Motherless Child

My mom passed away in 2006, after a protracted, painful case of cancer.   She lived a rich, full life, but I miss her every day, as if I woke up one day without a bone in my hand.   While I miss her, I don’t think of her often, or of her not being around.  I think this is a defense mechanism I’ve developed, and it doesn’t make me stronger or better.  I’m writing about it to bring it to the light, in hopes I might discard it.
Something happened a few days ago.  We had a snow day, and it was restful.  I was coming off a busy weekend, and that Monday at home was a welcome denouement.  I made chicken broth all day, the kids played in the snow, and Lindsay and I got to watch an actual movie that didn’t involve a singing princess or talking animals. I was wearing a sweater, drinking coffee, looking out at the snow, and I thought: “today would be a good day to call mom so she can talk to the kids”, and it took a few heartbeats to realize the awfulness I had dumbly stirred up.
I didn’t call her.  She will never talk to the kids, in fact, she has never met 2 of my kids, which is unfortunate-she’d treasure them.  If she were around and had her act together, she’d be an excellent grandmother.  When I was growing up, she found any excuse to cook or sew for us.  We always had ladies and their kids staying with us, often to escape domestic violence.  These acquaintances became extended family members, fully integrated to the rhythms of our lives.  Most of the people that I refer to as “my cousin”,  to this day,  are not blood relatives,  but are my family simply because my mother loved them,  and the love of my mother,  in addition to our intertwined histories,  are a powerful bond, more powerful than distance,  time,  and silence.  We remain tethered.
I started writing this poem in Iraq, after I was notified my mom was dying.  I’ve re-written it a few times, and it is my favorite piece from my short-lived spoken word career. I posted it on my abandoned Tumblr, which turned 4 years old yesterday
My Mother’s floral-print heart
and hatred of neglect
forced her to wage peace,
as a denim-vest wearing Sister Of Mercy,
ensuring we always had an extra plate of Hamburger Helper
and an empty couch,
or chair, or blanket on
the floor for battered women and
their children,
and good kids gone bad.
These transients became Aunts,
Sisters, or
Scraping and scrimping
what was left of our foodstamps
and clipping coupons to make
a cauldron of oatmeal
with powdered milk,
or sunny-side-up eggs from the coop
with fried spam,
we fed the Bangladesh
of our neighborhood.
Urchins orphaned by crack cocaine,
we washed their clothes by hand
while their teenaged parents
stole Betamaxes.
Baking Loaf upon loaf
because we could not afford
the thin squares in bags
that most people called bread
I took to school a 3 inch hunk,
smeared with the guts of a passion fruit
from a wild vine ,
that the kids whose families had cars and shoes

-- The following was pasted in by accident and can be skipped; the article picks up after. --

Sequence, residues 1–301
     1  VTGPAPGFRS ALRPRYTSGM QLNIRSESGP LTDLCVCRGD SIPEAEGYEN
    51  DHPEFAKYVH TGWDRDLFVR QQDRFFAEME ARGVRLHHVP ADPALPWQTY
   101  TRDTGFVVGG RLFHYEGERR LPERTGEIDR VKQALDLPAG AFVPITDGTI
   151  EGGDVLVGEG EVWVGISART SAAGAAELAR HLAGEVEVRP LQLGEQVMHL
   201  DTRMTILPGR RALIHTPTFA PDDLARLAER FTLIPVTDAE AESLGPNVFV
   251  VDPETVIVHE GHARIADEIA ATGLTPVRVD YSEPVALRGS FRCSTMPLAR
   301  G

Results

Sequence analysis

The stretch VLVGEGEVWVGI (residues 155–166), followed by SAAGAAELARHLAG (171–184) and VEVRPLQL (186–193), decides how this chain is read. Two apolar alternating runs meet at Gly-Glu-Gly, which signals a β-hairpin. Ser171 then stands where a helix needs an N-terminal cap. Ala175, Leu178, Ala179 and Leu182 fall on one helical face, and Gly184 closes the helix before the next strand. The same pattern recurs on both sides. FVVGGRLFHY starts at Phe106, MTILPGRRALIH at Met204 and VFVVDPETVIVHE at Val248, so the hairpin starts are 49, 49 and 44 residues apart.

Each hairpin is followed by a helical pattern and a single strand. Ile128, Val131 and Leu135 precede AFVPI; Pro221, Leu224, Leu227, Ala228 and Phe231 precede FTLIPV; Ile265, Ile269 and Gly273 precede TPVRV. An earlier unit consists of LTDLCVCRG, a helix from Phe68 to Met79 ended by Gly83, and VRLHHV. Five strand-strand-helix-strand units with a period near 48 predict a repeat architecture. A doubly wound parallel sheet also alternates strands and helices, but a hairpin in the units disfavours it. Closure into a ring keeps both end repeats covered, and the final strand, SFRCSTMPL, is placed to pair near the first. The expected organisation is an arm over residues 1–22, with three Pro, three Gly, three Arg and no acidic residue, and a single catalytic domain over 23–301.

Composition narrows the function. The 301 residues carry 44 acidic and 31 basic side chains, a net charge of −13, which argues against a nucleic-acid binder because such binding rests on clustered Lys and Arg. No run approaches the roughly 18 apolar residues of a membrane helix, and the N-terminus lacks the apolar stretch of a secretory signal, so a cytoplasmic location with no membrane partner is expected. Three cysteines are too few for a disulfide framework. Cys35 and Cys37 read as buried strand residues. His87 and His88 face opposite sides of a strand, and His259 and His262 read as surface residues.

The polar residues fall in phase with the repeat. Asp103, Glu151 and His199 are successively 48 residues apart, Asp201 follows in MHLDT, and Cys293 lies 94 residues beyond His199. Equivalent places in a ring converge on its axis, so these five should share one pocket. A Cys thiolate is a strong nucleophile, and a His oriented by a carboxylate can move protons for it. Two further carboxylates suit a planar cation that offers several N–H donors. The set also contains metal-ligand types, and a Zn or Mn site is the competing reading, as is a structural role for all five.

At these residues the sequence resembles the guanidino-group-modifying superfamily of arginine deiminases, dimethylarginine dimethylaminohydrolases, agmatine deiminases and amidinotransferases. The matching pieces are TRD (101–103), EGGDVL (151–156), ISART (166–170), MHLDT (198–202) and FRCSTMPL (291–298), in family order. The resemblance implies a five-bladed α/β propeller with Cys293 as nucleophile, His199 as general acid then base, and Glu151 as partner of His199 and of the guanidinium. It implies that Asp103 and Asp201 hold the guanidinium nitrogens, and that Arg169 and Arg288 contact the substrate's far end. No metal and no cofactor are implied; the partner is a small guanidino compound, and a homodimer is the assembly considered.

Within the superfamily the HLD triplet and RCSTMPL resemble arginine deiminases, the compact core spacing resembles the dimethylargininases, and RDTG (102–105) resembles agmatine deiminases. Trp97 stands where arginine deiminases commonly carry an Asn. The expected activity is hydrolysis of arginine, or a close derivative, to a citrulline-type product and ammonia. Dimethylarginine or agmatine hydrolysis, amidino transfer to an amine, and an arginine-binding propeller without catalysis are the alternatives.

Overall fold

laughed at.
They loved their Nintendo,
but would never know the joy
of having pigs in your yard
or tending the garden
where the beans
that would be next week’s chili dinner grew.
Even at our most destitute,
we still had much to give,
conjuring 100 Dollars
to get Josh’s guitar from the pawnbroker,
the black Stratocaster knock-off
that his mother, no stranger to
the abortion clinic
had put there to apportion
a day’s supply of Crystal Meth.
I did my share to help,
stealing haunted clothes from the Salvation Army
and on my way out
grabbing a Boogie Down Productions tape
so I was fresh for 1990, YOU SUCKAAAAAAS!, but it was 1998.
My Mother was a Libra,
her entire person bearing the icon
of Blind Lady Justice’s scales,
she has lived a life of
giving and love
and when she acquiesces to the Cancer
that ate her brain
and sucked her teeth out
with the help of the Chemotherapy
that has sucked her hair out,
she resumed giving until gone,
consumed by the grace and mercy
that drives each little decision,
retired from Active-Duty
to Heaven where
she can be the Child instead of
the Warrior parent,
and anchor to
The broken children,
Strays that worshipped the fractured portrait of masculinity that was
Tupac Shakur
and whose parents
resented the burden
of their existence.
The purpose of this post is not to elicit pity, or dredge up sorrow.  I fully believe that my mother went to heaven.  Her death was peaceful and beautiful, and she was released forever from the pain and meanness the World visits upon us.  Now, hopefully,  I can be released of longing, and loss, and selfish feelings of injustice and deprivation I’ve allowed to encroach upon my mind when I think of my mother.

One thought on “Motherless Child

  1. I enjoyed this, “it hurt so good”. I've found that unfortunately the hole left behind never diminishes let alone goes away . This being said, I think of your mom very often. I always will until I get to be reunited with her. She was my best friend and though not by blood she is and always will be my sister. I love you David. My nephew.


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